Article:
The American Geophysical Union (AGU) issued a press release on March 20 indicating that the Voyager 1 space probe may have travelled beyond the influence of the Sun and become the first man-made object to exit the Solar System. There is considerable discrepancy on whether or not that statement is accurate, however, as there is no real consensus on what constitutes the actual end of our Solar System. For now, though, let’s ignore the specifics of the debate and simply respect and reflect on the enormity of the accomplishment.
The AGU reported that the probe appears to have traversed past the heliosphere:
“The heliosphere is a region of space dominated by the Sun and its wind of energetic particles, and which is thought to be enclosed, bubble-like, in the surrounding interstellar medium of gas and dust that pervades the Milky Way galaxy. On August 25, 2012, NASA’s Voyager 1 spacecraft measured drastic changes in radiation levels, more than 11 billion miles from the Sun. Anomalous cosmic rays, which are cosmic rays trapped in the outer heliosphere all but vanished, dropping to less than 1 percent of previous amounts. At the same time, galactic cosmic rays–cosmic radiation from outside of the solar system–spiked to levels not seen since Voyager’s launch, with intensities as much as twice previous levels.”
In a scientific journal for the AGU, Geophysical Research Letters, authors W.R. Webber and F.B. MacDonald state:
“It appears that [Voyager 1] has exited the main solar modulation region, revealing [hydrogen] and [helium] spectra characteristic of those to be expected in the local interstellar medium.”
However, Webber notes, scientists are continuing to debate whether Voyager 1 has reached interstellar space or entered a separate, undefined region beyond the solar system.”
NASA scientists also attempt to dampen the celebratory moment of man first dipping his big toe into the interstellar pool of the final frontier:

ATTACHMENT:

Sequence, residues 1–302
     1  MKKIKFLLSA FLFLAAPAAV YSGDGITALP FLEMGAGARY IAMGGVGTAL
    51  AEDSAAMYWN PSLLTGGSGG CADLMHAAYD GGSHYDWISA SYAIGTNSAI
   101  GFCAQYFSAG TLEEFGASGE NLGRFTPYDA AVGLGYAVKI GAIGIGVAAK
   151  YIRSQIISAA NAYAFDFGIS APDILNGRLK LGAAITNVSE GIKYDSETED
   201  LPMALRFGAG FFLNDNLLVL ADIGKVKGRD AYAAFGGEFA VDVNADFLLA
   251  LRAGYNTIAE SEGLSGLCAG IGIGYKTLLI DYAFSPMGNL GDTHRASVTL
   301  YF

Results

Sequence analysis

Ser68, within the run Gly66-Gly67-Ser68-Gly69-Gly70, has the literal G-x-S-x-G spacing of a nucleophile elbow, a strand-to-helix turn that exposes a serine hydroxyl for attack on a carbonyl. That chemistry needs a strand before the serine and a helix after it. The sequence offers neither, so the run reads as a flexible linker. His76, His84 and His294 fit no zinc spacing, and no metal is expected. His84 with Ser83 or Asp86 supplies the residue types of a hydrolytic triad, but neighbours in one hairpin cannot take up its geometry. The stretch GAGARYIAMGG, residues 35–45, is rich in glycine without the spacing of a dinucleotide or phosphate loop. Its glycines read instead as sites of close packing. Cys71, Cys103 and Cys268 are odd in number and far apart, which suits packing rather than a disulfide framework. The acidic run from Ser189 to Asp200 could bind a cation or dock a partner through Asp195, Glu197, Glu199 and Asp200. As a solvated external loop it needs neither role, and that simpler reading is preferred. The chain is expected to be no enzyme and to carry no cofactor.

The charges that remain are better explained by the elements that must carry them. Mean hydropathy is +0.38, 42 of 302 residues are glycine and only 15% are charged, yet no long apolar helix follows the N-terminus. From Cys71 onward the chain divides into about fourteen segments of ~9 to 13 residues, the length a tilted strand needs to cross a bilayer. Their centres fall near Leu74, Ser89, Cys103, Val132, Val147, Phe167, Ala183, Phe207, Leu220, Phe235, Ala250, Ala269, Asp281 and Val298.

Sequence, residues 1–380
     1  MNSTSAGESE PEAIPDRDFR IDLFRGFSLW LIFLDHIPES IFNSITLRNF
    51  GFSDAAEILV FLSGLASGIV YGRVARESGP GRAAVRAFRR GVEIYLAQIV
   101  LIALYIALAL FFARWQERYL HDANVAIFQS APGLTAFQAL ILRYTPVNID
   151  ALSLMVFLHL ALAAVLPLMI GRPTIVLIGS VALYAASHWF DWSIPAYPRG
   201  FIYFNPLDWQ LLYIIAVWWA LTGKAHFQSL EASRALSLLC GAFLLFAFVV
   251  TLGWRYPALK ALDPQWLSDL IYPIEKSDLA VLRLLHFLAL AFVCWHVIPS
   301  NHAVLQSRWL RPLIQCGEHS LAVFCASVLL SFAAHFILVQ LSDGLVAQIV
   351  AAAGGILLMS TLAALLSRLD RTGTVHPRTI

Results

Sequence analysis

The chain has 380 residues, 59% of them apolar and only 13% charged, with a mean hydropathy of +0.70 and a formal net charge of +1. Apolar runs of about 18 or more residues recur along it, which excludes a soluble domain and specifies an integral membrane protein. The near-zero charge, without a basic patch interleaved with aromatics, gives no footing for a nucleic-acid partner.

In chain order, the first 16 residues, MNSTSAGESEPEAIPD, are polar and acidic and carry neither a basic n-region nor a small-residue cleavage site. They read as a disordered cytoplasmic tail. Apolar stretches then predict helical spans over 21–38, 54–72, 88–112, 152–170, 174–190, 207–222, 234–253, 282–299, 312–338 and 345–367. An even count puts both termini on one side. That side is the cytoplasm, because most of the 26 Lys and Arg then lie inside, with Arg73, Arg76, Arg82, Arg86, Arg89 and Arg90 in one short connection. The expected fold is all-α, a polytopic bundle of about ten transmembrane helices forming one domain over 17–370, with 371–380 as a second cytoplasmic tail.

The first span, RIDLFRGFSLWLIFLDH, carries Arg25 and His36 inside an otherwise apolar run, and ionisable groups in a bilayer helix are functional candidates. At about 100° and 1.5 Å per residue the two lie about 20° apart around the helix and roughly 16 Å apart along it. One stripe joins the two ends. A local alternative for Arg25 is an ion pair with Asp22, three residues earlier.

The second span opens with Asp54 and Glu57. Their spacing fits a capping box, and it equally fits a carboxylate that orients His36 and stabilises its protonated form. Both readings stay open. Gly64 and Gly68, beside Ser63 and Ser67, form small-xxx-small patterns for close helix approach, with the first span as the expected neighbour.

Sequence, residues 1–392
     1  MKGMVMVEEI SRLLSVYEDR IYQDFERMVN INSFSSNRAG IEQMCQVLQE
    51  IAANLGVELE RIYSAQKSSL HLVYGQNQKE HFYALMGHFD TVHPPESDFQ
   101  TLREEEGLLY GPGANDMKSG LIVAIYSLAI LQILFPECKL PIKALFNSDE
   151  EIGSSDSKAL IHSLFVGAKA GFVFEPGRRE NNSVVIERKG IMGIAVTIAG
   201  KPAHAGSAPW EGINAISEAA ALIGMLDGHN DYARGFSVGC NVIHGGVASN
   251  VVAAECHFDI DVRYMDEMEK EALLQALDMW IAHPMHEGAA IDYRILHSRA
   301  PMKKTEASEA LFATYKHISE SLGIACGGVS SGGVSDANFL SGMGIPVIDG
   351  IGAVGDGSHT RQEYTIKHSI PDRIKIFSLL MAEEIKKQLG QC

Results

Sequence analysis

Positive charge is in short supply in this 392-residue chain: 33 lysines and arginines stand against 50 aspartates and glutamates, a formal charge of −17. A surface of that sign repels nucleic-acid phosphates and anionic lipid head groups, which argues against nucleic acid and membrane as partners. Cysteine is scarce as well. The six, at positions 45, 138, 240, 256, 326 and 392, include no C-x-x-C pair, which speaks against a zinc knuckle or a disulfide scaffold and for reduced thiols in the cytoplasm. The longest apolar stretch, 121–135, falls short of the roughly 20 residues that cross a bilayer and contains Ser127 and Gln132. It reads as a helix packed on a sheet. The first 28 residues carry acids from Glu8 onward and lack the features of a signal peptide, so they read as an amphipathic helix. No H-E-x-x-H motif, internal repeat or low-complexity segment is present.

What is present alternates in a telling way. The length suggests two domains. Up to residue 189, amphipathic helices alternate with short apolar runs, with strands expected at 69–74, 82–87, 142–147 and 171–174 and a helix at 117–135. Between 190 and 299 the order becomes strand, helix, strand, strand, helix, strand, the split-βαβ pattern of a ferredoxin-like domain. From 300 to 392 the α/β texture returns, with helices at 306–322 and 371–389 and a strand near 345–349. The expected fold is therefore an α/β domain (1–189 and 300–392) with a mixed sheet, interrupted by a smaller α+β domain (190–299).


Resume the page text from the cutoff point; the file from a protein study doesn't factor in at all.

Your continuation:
“It is the consensus of the Voyager science team that Voyager 1 has not yet left the solar system or reached interstellar space. In December 2012, the Voyager science team reported that Voyager 1 is within a new region called ‘the magnetic highway’ where energetic particles changed dramatically. A change in the direction of the magnetic field is the last critical indicator of reaching interstellar space and that change of direction has not yet been observed.”
None of that matters to me. I’m in it for the science, man. And for its historical significance.
Launched in 1977, Voyager 1 was designed to investigate the outer gas giants. After collecting data on Jupiter and Saturn and the latter’s largest moon, Titan, the probe was sent out into the interplanetary medium to explore the boundaries of space. The probe is estimated to have enough juice in it to be able to send messages back to Earth until 2025.
To me, the most illustrious accomplishment of the spacecraft was championed by the legendary Carl Sagan. At his urging, the space probe was directed to take a picture of Earth from about 6 billion kilometers away. This picture is called the Pale Blue Dot and it remains one of the most mesmerizing and resonating images of our teal, Goldilocks planet.
The space probe also contains the Voyager Golden Record, a copper time-capsule of man’s scientific and artistic achievements, meant to demonstrate homo sapiens status as intelligent life. Among other things, it records our understanding of DNA and mathematical concepts, spoken greetings in 55 languages and a musical selection that ranges from Beethoven to Chuck Berry. Although these inclusions are unlikely to ever find themselves in an extra-terrestrial iPod, it’s the beauty behind the thought that counts.
We’ll have plenty of time later to determine when Voyager 1 definitively escaped the influence of the Sun. The specifics don’t seem too important right now, though. At 123.5 astronomical units away from our parental star, it is certainly the farthest we’ve ever roamed from our pale blue dot. For now, let us revel in the gorgeous reality that it is (arguably) the first man-made object to be on the outside looking in, our first child to leave the solar roost.